On schedule: for reduced carbon emissions

But people can also be encouraged to engage in environmentally friendly behaviour without receiving any financial incentives at all. A recent study by researchers at the Sussex Energy Group found that when households were notified by text message of times of high or low wind generation and asked to try to alter the amount of electricity they used accordingly, they used 10% less electricity during periods of low wind and 5% more during periods of high wind. The study was conducted over four months in 2015 and involved 46 households across Southeast England.

Electricity customers can also help to reduce carbon emissions by scheduling appliance use in their homes for certain times. During the peak electricity demand period from 4pm to 7pm on weekdays, producing electricity leads to more carbon emissions than at other times because more carbon-intensive forms of generation are required. If domestic customers used energy-intensive appliances – such as washing machines, tumble dryers and dishwashers – outside this period, they could help to reduce the associated carbon emissions.

Have you read?

When electricity customers are notified of periods of peak electricity demand through displays on energy monitors, they use less electricity at these times, according to a study conducted by energy analytics company Onzo, which is no longer available online. Between October 2010 and June 2011, 25,000 households were given energy monitors which highlighted the peak demand period between 4pm and 7pm. Customers responded by reducing electricity use by an average of 5% during this period.

If this response were reproduced across all UK households, this would reduce peak electricity demand by 745 megawatts – the equivalent of Uskmouth B coal power station in Wales running on full power for two hours. This would clearly lead to a significant reduction in carbon emissions.

Although in the Onzo study customers received notifications on devices, these are not necessary for people to engage in demand-side response. Environmentally conscious consumers could contribute to a lower-carbon electricity system simply by using their appliances outside of the peak electricity demand period. However, for this to happen at scale, electricity customers need to understand that it is not only by using less electricity that they can help to tackle climate change – it can all come down to a matter of timing.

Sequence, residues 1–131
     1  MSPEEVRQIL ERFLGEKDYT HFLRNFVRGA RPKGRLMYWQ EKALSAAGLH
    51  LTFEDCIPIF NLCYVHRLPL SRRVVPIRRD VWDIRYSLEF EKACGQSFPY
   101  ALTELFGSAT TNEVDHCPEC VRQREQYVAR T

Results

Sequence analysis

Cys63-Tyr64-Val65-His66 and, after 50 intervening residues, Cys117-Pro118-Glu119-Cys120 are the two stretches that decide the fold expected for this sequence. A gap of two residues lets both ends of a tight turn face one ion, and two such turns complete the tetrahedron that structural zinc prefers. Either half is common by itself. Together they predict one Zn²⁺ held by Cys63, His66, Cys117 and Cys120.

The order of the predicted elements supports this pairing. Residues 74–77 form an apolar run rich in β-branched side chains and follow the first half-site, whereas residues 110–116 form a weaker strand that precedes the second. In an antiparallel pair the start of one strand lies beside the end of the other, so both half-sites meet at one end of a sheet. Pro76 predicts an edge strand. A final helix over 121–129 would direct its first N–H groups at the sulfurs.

Don't miss any update on this topic

Create a free account and access your personalized content collection with our latest publications and analyses.

Sign up for free

License and Republishing

World Economic Forum articles may be republished in accordance with the Creative Commons Attribution-NonCommercial-NoDerivatives 4.0 International Public License, and in accordance with our Terms of Use.

The views expressed in this article are those of the author alone and not the World Economic Forum.

Related topics:
Nature and BiodiversityEnergy Transition
World Economic Forum logo
Global Agenda

The Agenda Weekly

A weekly update of the most important issues driving the global agenda

Subscribe today

You can unsubscribe at any time using the link in our emails. For more details, review our privacy policy.

Critical minerals demand has doubled in the past five years – here are some solutions to the supply crunch

Emma Charlton

May 16, 2024


About Us



Partners & Members

  • Join Us

Language Editions

Privacy Policy & Terms of Service

© 2024 World Economic Forum